Localization refers to the tools, techniques and steps taken to enable your application to run in other languages where "things are done differently". There are two broad categories of localization that are commonly dealt with:

  1. Localize words to the language of users in this location. If you built your application in Swahili, and want Americans to use your application too, you can either require them to learn Swahili or provide an english language version of your application
  2. Localize the formatting of values. Americans don't format dates and times the same way as most European countries. The proper way to present large number or currencies may also vary from region to region.
  3. Not dealt with in this document: special cases of localization such as right-to-left languages, non-western calendaring systems, and related issues that have not been built into the WaveMaker Framework.

config.js, dojo.locale and HTTP_ACCEPT headers

Dojo manages localization by determining the best value for dojo.locale. It determines this by looking at the browser's navigation.language settings. However, these settings don't necessarily change when the user changes the browser's language; the only reliable way to get the language that a browser has been set for is using the HTTP_ACCEPT headers.

It used to be that you could specify in config.js:

djConfig.locale = "fr";
to force the language to be french. This ability has been replaced by allowing the browser to detect and automatically use the language sent by the browser to the server in the "HTTP_ACCEPT" headers where the server is told what language the browser prefers.

You can also change languages in the URL using for example:


To understand location codes, and how dojo's localization framework works, its worth reading http://dojotoolkit.org/reference-guide/quickstart/internationalization/resource-bundling.html

A good listing of codes can be found in the first column of http://msdn.microsoft.com/en-us/library/ee825488(v=cs.20).aspx

As of 6.4, If your absolutely MUST override HTTP_ACCEPT, you can put wm.language="xx" in your config.js which acts like djConfig.locale used to work.

Widgets with Locale Properties

Various widgets change their presentation based on localization. DojoGrid presenting dates using its DateFormatter option; wm.Label with a DateFormatter can also change how it presents dates based on locale. Typically, you want to leave localization alone. The default presentation of a date will use the locale set by the user's browser. Only if you need to force it into some other presentation do you need to dig deeper.

For working with Label formatters and editors, there will typically be a locale property into which you can enter "fr", "ja", "en", "en-us" or other location codes. For DojoGrid, at this time, you will need to create your own custom formatter method in your Page code to change it from using the default formatter.

Dojo Formatters

There are also standard dojo methods to be familiar with for creating your own custom formatters:



This dojo package provides two methods: format and parse, which can leave locale to default or specify a new locale

// d is a string with the default locale and default formatting options
var d = dojo.date.locale.format(new Date()); 

// d is a string formatted using japanese default formatting options 
var d = dojo.date.locale.format(new Date(), {locale: "ja"});



The example code for number is essentially the same as the date example above



The example code for currency is essentially the same as the date example above

Localizing Currency

At this time, WaveMaker does not support automatic localization of currency. If your database says a product is worth 500, it can't format that as $500 in the United States and 500 pounds in Europe as these are not different formats, they are in fact, completely different values. wm.Label's Currency formatter and wm.Currency both let you enter a localization code "en-us", "fr", "ja", etc… to specify the currency. For wm.DojoGrid, the currency is hard coded to "$", and to change this you must write a custom formatter; perhaps using dojo.currency.format.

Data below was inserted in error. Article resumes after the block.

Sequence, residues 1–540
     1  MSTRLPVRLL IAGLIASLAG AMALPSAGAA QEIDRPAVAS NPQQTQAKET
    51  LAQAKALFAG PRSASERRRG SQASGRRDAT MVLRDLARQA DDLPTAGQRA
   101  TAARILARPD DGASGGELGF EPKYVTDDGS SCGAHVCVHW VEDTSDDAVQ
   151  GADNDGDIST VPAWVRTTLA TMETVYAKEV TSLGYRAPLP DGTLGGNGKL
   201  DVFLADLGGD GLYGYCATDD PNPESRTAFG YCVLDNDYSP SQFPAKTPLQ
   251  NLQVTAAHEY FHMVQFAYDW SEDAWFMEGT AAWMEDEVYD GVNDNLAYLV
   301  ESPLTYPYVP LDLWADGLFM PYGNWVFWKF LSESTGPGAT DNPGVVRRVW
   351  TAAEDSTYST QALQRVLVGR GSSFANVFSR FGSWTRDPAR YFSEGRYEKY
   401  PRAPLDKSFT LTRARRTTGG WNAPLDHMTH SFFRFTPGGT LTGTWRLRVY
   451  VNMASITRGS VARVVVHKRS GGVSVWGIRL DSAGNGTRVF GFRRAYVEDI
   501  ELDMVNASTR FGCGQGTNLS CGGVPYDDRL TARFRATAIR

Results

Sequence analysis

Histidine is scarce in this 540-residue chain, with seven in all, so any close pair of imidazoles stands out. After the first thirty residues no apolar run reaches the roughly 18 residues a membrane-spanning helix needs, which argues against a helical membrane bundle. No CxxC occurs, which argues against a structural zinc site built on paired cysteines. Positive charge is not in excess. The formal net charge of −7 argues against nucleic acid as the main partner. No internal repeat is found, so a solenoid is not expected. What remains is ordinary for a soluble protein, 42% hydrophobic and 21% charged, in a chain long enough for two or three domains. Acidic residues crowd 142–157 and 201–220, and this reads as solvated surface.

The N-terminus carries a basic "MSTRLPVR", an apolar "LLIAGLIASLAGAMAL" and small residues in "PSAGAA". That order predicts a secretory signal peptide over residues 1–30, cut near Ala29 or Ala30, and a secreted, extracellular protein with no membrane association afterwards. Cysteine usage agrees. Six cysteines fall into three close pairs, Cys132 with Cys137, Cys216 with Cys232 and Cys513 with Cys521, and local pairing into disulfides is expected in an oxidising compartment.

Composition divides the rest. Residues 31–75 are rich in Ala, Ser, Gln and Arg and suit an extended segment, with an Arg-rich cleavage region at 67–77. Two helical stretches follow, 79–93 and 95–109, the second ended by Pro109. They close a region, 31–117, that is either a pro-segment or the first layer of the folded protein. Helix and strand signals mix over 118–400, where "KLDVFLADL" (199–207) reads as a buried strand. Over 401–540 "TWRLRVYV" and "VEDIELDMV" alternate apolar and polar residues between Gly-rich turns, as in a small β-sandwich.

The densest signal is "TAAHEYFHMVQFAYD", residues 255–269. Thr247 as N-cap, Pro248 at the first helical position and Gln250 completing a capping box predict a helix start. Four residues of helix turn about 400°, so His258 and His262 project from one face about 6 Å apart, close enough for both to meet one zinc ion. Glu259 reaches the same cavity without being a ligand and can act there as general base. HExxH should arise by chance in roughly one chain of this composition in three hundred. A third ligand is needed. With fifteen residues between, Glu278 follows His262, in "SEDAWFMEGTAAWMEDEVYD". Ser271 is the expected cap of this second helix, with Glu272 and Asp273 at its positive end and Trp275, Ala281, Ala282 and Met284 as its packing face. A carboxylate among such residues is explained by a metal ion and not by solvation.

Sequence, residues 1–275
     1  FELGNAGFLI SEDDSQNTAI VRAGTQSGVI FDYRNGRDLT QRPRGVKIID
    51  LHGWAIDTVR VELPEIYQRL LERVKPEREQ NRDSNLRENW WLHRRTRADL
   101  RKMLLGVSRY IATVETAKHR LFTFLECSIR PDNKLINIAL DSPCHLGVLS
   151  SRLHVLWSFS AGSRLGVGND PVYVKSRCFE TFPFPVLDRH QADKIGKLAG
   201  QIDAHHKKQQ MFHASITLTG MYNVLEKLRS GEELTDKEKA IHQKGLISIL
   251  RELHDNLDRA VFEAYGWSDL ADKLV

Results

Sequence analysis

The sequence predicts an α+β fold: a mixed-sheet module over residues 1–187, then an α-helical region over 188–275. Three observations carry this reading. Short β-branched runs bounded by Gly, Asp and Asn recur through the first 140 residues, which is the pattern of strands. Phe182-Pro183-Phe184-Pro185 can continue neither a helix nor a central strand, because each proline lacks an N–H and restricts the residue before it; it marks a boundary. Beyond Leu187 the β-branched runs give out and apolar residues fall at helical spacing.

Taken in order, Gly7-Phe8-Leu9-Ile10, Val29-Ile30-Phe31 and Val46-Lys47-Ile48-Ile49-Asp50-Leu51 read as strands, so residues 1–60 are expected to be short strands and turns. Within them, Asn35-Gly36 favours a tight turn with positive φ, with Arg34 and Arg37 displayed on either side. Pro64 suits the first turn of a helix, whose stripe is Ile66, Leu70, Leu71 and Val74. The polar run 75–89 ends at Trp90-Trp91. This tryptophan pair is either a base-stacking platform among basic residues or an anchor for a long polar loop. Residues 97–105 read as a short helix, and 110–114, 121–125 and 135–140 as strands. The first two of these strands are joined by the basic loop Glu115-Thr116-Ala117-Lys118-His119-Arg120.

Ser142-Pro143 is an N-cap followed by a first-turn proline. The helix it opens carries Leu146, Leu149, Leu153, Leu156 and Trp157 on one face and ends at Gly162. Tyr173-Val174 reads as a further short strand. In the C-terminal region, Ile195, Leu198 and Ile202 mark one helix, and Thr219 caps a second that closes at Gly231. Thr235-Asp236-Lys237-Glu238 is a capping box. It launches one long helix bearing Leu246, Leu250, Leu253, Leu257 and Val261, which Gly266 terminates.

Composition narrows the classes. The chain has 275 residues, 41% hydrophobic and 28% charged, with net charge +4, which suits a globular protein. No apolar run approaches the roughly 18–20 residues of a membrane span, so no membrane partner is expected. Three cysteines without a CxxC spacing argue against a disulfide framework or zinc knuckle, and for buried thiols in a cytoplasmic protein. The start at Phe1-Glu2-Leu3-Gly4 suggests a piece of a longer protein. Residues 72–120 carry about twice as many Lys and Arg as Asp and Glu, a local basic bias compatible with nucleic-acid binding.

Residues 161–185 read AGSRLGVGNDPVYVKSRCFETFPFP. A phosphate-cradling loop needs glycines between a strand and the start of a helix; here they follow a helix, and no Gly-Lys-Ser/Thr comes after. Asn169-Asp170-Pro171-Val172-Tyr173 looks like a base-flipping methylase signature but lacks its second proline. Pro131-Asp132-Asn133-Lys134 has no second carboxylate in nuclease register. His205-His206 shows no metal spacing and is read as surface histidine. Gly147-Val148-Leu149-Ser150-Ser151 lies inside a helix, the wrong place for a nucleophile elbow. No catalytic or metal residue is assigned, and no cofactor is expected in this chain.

Starting in 6.4, all currency formats can be setup using the project property currencyLocale; select your project in the services tab, and edit the currentyLocale property.

Localizing the Server Language

If your java code returns textual responses that are not simply data but, for example, instructions to present to the user, you may need to localize your java code.

This document focuses on client-side localization, not server side localization. The key information that you need here is that you should receive an HTTP_ACCEPT header that specifies what languages are preferred by the client.

NOTE: HTTP_ACCEPT will not be correct if using dojo.locale= in the URL to force a new language to be used.

Localizing the Client Language

The i18n Property

Your application level widgets are localized by loading from your application-level dictionary files.

Your page level widgets are localized by loading from your page-level dictionary files.

Loading these dictionary files impacts the load time for an application, and therefore will only happen if you specify for that application or page that there is a dictionary.

Your project level properties now have an i18n property which determines whether the application-level dictionary is loaded.

Your page also needs an i18n property, which needs to be set as follows:

dojo.declare("Main", wm.Page, {
    i18n: true,
    start: function() {
    _end: 0

Localization Synopsis

The WaveMaker Framework provides localization using

dojo.requireLocalization("wm.language", "components");
dojo.i18n.getLocalization("wm.language", "components");
Code sample 1

For more information on how these work, please start at http://dojotoolkit.org/reference-guide/quickstart/internationalization/resource-bundling.html.  The key thing to understand is that if my computer tells the browser that its using Japanese, it finds the shortcode "ja" for japanese, and any time a dictionary is loaded, it will load two files:

If its english, it will load

All definitions in /dictionary.js that are not overridden by definitions in the language specific dictionary are kept, but any definition in the language specific dictionary takes precedence over the one in the main dictionary.

Projects (and Studio counts as a project) will use the following localization techniques:

 Type Used by
 Description Dictionary Location
 Page level dictionary Studio and Projects Each time a wm.Page is loaded it will load a dictionary file from the server.  The user's javascript file can reference terms in this, and the widgets.js file will automatically look for property overrides in it.project/webapproot/language/nls/.js
 Application level dictionary Projects (studio could but doesn't use it)